In our 2017 National Survey of Employer-Sponsored Health Plans, we asked employers to rate the importance of strategies they will be using over the next five years to advance the triple aim of lower cost, higher quality, and a better member experience. This post on pulling point solutions into your benefits strategy is part of a series that looks at these six key strategies.
It seems point solutions are all the buzz these days. Since the term isn’t self-explanatory, it might be helpful to define it. A point solution is a specific service that a vendor provides within your benefits program. Typically, it’s offered by a new, innovative company that is looking to fill a gap in the healthcare system. A solution might address a specific condition, like Livongo for diabetes; or support lifestyle change, like Zipongo for weight and nutrition. It might be a technology play to drive engagement like Evive or the vendor formerly known as Jiff; or a specialized network to provide easy access to expert medical opinions, like Best Doctors. Within Mercer LABS in the Center for Health Innovation, we have evaluated hundreds of new programs over the past several years.
So how do you know whether point solutions are right for you? I hosted a panel of three employers at a conference recently and their use of point solutions ranged from 12 to 3 to none. And they all had good reasons for the approach they’d taken -- or hadn’t taken! Here are a few guidelines for making decisions about pulling point solutions into your program.
- Consider your overall strategic approach. Point solutions need to fit your larger objectives, not the other way around. Here, there are no right answers – what works for you? Fewer partners, or “the more the merrier?” Programs that are narrow and focused, or that have broad population appeal? Standardized experience, or a more personalized experience? The answers to these questions (and others) will help you focus your area of interest.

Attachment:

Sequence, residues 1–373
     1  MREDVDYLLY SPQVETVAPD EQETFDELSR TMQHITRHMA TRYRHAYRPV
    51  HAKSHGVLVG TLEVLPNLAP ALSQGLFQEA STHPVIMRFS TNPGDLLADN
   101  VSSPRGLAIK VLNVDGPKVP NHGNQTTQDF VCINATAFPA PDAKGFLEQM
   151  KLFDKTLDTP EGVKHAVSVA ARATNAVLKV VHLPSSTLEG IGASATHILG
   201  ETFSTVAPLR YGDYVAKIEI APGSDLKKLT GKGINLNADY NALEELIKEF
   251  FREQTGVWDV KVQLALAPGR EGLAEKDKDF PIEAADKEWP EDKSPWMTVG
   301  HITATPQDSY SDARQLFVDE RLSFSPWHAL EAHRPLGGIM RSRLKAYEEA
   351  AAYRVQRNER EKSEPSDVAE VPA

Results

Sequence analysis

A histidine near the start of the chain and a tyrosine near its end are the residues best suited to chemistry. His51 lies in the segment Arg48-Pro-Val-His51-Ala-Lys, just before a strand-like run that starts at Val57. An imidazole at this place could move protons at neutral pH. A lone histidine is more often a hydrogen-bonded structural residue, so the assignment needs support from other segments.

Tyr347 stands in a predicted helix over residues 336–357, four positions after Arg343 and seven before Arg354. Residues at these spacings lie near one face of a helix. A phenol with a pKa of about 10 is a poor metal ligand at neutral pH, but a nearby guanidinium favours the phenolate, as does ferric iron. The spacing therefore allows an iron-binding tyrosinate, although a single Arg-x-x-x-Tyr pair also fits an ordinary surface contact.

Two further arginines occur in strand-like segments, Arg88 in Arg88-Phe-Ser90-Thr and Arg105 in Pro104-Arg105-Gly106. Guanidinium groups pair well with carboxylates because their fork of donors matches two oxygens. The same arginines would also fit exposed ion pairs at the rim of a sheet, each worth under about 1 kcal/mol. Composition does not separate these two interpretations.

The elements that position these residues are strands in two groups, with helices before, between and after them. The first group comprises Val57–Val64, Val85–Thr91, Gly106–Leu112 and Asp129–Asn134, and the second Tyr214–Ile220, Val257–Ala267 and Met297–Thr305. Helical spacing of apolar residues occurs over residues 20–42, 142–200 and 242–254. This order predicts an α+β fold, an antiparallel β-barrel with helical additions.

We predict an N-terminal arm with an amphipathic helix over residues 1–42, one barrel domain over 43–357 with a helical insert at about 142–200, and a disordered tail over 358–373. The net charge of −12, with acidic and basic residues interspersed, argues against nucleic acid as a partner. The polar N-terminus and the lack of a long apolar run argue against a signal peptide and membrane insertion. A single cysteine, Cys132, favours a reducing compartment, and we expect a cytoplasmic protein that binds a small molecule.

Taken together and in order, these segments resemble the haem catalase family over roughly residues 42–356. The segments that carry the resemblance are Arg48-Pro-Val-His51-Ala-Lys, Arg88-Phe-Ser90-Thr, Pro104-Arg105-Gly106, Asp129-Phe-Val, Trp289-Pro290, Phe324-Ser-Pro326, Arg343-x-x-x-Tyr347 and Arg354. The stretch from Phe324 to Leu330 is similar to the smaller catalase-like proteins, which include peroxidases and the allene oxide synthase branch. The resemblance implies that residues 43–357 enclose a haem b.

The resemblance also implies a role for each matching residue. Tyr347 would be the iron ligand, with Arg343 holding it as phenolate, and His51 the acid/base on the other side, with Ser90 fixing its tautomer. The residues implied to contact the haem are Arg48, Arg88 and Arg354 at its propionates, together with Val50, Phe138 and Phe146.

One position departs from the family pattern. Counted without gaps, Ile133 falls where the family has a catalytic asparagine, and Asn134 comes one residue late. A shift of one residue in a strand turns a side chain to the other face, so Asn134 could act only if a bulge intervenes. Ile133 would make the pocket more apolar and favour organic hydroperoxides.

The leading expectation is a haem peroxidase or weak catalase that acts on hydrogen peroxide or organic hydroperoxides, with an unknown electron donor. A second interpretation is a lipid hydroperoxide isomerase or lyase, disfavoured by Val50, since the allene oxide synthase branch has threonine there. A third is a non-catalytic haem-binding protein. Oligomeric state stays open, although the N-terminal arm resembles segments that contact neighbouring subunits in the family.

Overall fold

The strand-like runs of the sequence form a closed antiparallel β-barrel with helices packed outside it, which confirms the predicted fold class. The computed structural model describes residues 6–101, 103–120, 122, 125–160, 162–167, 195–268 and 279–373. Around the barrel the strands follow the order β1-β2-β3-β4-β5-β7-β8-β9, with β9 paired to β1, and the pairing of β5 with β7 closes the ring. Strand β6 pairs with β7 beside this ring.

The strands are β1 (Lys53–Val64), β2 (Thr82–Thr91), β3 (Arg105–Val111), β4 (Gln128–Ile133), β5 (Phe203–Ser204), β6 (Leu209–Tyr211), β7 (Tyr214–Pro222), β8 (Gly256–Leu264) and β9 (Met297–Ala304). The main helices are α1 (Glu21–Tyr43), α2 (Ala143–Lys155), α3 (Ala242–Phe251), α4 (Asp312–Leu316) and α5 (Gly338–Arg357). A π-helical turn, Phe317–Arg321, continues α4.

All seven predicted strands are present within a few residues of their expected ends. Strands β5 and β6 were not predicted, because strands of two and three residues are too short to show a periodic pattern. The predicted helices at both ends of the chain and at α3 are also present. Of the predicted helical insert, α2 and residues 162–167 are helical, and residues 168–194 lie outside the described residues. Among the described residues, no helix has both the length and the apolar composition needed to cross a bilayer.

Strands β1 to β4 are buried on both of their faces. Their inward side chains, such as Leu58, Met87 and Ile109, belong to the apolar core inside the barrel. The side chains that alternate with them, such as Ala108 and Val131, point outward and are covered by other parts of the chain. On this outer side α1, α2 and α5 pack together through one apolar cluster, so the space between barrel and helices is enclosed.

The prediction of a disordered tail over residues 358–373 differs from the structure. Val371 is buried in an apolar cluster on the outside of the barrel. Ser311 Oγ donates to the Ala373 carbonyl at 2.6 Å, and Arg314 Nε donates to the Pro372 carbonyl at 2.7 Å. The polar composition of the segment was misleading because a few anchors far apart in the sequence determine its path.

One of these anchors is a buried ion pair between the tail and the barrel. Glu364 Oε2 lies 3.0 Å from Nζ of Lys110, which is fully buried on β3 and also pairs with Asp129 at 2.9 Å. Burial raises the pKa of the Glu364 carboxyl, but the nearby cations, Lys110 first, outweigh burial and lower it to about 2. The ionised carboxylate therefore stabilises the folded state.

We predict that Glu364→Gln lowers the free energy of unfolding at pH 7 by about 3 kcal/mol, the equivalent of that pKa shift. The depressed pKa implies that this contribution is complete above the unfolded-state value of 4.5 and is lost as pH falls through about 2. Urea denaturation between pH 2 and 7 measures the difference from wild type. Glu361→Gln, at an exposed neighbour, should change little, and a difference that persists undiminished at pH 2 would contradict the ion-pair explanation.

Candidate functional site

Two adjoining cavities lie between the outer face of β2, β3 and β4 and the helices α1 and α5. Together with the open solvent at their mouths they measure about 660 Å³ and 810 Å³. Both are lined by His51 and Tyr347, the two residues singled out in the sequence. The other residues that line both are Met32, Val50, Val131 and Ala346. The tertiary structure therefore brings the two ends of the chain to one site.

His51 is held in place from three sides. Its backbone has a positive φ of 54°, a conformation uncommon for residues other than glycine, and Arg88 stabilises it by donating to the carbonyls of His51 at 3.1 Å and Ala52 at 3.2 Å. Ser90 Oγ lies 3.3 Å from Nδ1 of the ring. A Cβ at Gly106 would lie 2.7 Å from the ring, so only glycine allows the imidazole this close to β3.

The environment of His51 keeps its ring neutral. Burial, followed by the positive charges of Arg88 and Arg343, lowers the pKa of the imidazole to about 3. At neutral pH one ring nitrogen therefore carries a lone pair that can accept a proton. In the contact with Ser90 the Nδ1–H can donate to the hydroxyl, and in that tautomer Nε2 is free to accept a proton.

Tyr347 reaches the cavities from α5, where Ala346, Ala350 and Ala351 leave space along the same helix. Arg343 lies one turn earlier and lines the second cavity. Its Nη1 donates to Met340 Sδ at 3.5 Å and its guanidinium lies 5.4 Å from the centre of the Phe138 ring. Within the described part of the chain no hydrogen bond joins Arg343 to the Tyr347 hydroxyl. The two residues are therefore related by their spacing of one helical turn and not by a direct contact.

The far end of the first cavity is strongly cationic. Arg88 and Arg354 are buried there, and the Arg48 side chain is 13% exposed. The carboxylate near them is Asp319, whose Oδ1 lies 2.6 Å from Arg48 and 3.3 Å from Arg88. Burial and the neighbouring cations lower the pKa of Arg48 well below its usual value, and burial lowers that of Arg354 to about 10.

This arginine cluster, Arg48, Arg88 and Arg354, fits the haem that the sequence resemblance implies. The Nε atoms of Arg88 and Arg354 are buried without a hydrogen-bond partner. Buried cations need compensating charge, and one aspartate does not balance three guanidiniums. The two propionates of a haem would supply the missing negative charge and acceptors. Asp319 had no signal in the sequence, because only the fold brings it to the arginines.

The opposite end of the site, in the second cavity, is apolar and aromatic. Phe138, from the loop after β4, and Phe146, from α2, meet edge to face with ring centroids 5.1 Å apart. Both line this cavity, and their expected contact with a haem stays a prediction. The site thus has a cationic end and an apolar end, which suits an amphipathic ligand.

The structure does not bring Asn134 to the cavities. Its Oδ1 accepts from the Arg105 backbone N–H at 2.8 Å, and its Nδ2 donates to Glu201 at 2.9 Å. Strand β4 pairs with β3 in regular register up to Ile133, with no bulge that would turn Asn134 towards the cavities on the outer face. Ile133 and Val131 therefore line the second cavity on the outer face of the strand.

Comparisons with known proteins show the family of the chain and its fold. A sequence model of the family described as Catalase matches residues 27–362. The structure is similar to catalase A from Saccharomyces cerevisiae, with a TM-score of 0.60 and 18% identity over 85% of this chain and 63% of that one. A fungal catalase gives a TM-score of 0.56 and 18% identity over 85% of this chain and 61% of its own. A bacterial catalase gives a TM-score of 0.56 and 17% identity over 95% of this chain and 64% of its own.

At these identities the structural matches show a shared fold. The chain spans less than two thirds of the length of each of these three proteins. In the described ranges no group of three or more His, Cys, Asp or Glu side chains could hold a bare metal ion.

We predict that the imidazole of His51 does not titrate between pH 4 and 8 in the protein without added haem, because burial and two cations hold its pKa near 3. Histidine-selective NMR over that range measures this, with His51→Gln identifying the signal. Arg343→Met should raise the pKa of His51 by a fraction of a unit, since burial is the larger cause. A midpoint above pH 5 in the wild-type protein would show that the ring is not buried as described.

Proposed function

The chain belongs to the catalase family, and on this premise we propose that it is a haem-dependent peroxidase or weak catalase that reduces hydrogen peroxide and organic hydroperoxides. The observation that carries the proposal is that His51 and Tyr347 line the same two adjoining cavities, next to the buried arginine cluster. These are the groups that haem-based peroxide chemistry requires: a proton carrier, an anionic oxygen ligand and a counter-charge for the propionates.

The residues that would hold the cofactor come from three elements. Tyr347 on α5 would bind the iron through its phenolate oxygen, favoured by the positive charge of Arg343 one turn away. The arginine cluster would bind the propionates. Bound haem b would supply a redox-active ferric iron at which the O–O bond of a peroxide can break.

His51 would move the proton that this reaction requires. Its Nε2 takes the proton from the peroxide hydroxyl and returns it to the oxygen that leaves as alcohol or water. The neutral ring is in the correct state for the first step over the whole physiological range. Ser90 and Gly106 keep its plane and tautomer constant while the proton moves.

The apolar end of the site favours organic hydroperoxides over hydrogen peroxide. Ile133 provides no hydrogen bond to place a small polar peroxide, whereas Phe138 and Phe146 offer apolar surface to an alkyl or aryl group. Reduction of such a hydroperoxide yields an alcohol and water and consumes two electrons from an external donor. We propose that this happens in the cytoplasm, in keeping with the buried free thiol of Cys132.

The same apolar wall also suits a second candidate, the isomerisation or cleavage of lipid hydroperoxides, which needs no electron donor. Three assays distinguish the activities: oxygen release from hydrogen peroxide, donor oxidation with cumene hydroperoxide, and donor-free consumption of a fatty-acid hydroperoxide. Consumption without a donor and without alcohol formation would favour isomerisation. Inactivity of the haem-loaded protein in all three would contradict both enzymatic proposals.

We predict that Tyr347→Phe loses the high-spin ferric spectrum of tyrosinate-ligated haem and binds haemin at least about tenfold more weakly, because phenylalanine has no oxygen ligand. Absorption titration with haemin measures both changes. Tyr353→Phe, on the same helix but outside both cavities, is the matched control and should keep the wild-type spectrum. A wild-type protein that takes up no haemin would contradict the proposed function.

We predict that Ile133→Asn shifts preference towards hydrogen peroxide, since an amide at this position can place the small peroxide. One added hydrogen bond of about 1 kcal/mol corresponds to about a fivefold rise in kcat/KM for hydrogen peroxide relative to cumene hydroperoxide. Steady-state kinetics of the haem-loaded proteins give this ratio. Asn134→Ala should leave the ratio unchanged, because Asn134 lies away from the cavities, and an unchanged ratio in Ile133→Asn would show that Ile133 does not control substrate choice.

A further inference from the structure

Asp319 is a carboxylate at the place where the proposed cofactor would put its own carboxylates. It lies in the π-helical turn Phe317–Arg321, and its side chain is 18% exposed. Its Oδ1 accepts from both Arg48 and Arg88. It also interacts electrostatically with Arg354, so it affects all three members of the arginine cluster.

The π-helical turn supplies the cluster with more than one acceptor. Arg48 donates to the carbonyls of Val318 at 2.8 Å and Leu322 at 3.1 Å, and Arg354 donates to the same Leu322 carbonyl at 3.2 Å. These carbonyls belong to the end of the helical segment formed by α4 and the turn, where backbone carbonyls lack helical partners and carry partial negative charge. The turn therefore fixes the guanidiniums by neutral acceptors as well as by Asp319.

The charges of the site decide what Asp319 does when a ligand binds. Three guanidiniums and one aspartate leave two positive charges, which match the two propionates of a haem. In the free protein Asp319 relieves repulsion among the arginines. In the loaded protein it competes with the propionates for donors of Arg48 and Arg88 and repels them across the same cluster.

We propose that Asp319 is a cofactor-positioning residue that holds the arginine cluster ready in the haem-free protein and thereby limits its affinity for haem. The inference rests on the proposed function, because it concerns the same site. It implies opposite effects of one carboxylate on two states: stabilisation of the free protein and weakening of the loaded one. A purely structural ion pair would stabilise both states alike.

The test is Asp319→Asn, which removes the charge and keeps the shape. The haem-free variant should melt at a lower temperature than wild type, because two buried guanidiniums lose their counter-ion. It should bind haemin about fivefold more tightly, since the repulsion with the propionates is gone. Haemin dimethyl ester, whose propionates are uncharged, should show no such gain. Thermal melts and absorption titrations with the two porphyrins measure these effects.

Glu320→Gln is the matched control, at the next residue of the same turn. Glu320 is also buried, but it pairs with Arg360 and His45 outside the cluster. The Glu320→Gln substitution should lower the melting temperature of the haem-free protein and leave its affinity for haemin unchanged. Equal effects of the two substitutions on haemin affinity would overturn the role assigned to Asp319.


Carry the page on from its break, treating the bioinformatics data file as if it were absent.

- Focus on opportunities – or gaps – within your existing program. Look at your data and identify where a point solution could be most impactful. Maybe there’s a big gap or need and a solution that could benefit a sizable group of plan members (like telehealth or weight/nutrition). Maybe there’s a narrow gap where a solution could make a very big difference in the lives of a small number of members (autism support).
- Options exist for employers of all sizes. You do not have to be a large employer to implement point solutions. In some cases, it is actually more manageable to implement these solutions in smaller organizations. The important consideration is how many people could engage in the program, and whether it’s a big enough number to make sense for you and the vendor.
- There is a “right way” to do it. Consider your ability to manage another vendor, how you would integrate the solution within your overall program, how you would approach implementation and ongoing support -- and how you would measure the impact. Adding another vendor does require effort to ensure you get the desired benefit.
For some specific examples, check out Leading the Way: Employer Innovations in Health Coverage to learn how Princeton University implemented an expert medical opinion program that resulted in 20% of patients using the EMO receiving a different diagnosis and two-thirds another treatment option to consider. PepsiCo implemented an integrated platform to support better access to programs, and saw a 61% increase in the use of their transparency tool and a 25% increase in telemedicine visits. A high-tech company implemented a new infertility point solution and reduced the rate of multiple-birth pregnancies to less than 3%. There are many more stories like these. What will your story be?
More posts on key strategies:
- The surprisingly strong connection between well-being and turnover
- High cost claims by the numbers
- High-cost claims: you ain’t seen nothin’ yet
- Point of sale drug rebates
- Three tips to help employees choose a health plan
- Three steps to building a better health plan network
- Where's the real ACO?
- Disruption is not a four-letter word